I have been doing some research into FV2 to see what it would take to encrypt all of my machines, but all of the information seems tailored for use in single user environments. What about multiple user environments?
I have a lot of machines that are "public use," meaning that any faculty, staff, or student affiliated with my university can sit down and login with their AD credentials and get access. Given that many of these are part of a laptop checkout program, I would like to enable FDE in case they wander off.
Is anyone else using FDE in an environment like this? How did you do the setup? Did you face any challenges along the way?
It can work.
Two different situations. First is a lab enviorment, you could have an IT admin account and that would be your account. The thing you dont want is the user to reboot the lab machine. As long as they dont reboot you will be fine. You could put controls in to prevent that too. If they do reboot the machine they can call the helpdesk and you could provide the user with the individual key. I would only recommend this for 10.9 and latter as you can then send the command to change the key after you hand it out.
In the checkout type system. You could also have an admin account and have the user encrypt the machine. When it is returned you could do a few things. If you wanted you could then delete the previous users access in FV2 and then have the new user log into the machine on the network before they leave to check it out again. That user would then be a authorized user.
Just some ideas and look forward to hear how others may tackle this issue too.
Unfortunately, neither of those scenarios will work well for me. I use the term lab environment loosely as they aren't in a classroom, but they are setup as if they were. They are in open spaces where anyone can plop down and login, and they are rarely supervised. It a hard balance trying to keep them locked down so they remain identical while trying to keep the feel as natural as possible so people can "just sit down and get to work". (I'm in a University Library, BTW).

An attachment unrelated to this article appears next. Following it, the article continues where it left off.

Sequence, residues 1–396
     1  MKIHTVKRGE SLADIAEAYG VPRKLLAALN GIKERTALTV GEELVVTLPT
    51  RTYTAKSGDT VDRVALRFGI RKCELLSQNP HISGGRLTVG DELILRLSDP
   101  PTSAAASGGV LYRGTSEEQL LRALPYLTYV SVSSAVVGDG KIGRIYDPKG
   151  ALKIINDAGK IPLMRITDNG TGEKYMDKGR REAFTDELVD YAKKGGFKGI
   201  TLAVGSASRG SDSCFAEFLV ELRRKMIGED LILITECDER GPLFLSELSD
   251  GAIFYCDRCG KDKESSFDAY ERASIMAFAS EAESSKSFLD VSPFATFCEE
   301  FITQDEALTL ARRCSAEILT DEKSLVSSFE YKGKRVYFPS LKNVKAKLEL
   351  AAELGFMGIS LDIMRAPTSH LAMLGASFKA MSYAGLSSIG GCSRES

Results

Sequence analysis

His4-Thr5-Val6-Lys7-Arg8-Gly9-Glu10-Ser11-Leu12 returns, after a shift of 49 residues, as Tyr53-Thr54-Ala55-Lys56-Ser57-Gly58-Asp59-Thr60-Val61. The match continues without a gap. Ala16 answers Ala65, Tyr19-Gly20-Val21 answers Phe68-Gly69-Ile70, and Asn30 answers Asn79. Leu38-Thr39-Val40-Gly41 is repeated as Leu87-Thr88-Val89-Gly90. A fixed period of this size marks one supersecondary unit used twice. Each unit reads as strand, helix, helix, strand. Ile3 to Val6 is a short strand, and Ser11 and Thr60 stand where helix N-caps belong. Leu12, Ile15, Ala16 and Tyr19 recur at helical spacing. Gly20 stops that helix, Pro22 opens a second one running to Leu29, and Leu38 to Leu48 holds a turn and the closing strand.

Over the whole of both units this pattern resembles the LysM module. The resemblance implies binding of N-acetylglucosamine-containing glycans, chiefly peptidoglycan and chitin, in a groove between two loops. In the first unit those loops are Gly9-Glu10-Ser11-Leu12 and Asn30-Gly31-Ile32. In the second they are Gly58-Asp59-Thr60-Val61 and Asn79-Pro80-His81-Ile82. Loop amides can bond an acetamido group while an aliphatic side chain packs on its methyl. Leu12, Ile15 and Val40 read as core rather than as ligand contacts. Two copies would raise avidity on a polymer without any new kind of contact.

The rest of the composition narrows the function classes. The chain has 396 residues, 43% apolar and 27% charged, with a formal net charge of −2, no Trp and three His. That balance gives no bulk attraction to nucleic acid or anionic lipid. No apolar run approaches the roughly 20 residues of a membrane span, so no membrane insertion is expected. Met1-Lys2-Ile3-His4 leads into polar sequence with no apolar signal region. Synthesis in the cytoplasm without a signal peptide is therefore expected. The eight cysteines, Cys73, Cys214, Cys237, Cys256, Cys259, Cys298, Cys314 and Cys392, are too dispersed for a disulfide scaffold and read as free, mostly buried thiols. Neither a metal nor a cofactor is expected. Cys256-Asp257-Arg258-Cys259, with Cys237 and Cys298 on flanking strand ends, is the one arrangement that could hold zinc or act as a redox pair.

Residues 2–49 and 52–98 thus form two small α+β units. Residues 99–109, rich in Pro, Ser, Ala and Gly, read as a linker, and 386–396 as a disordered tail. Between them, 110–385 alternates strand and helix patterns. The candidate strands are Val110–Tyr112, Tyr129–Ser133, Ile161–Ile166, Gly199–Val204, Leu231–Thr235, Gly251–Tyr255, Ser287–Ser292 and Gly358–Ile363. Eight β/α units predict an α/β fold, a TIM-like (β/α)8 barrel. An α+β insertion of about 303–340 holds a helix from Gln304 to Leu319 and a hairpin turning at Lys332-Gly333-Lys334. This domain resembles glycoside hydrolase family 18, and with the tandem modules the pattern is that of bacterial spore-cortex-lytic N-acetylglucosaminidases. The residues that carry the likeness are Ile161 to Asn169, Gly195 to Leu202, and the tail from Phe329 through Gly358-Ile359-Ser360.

My problem with laptops is that they are only checked out for up to a day. The staff performing the checkouts are non-technical and are about as hands-off as could be. I'm hoping to come up with a solution that wouldn't require any workflow changes for the staff.
Because it's a checkout program, do you "refresh" or reimage the machine between use? I can't even begin to imagine the data privacy issues that you could run into without that process.
If I'm not mistaken, how it should work in theory, if you have AD accounts, if you login as one AD account and enable that in FV2, any subsequent AD login should auto add to the FV2 users login screen.
Enabling FDE will lock down the data, but it doesn't prevent someone from re-using the computer unless you lock down boot options as well (and assuming they don't take the HD out).
No, they are not wiped in between use. The users do not get admin access, they don't leave the building, and it is common knowledge that a restart wipes user data on the laptops. (See my post in https://jamfnation.jamfsoftware.com/discussion.html?id=5042).
Either way, I'm beginning to think that this just isn't going to be possible in this type of environment. I don't want to create extra work for the staff (read not "my" staff) and I don't want to cause my users any extra stress or confusion by not being able to boot these devices.
Ah I see. Hm.
I don't know how it is in WV, but in MA, the penalties for losing an unencrypted device with personally identifiable information is very high. And if these are being used by anyone with medical record access, HIPAA applies and those penalties are pretty stiff as well. Wiping home folders doesn't cover the penalties with those regulations unless it's a secure wipe.
Actually I can't think of any encryption product that actively uses LDAP to decrypt a drive, it's all based on cached credentials. That would be pretty cool though, if you could make the initial boot partition bind to LDAP, and then have that decrypt drives. I smell a $$ making opportunity here.
@Rich, thanks for that info. Wow, that sucks and is really lame on Apple's part. I think enterprise admins all understand the inherent risk of a user's password changing outside of being done in the OS, like in AD, etc. Its been this way for a long time now, so b/c of that, Apple doesn't want to be bothered? And I thought they were starting to come around to the enterprise a little. Guess not. :/